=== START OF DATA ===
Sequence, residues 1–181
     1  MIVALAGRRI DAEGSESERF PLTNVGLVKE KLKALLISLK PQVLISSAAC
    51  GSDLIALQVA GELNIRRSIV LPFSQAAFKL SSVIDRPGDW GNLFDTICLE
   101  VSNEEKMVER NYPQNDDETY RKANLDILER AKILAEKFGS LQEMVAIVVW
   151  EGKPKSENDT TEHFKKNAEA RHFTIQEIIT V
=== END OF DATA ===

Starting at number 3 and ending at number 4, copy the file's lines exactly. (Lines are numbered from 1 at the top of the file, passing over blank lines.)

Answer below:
    51  GSDLIALQVA GELNIRRSIV LPFSQAAFKL SSVIDRPGDW GNLFDTICLE
   101  VSNEEKMVER NYPQNDDETY RKANLDILER AKILAEKFGS LQEMVAIVVW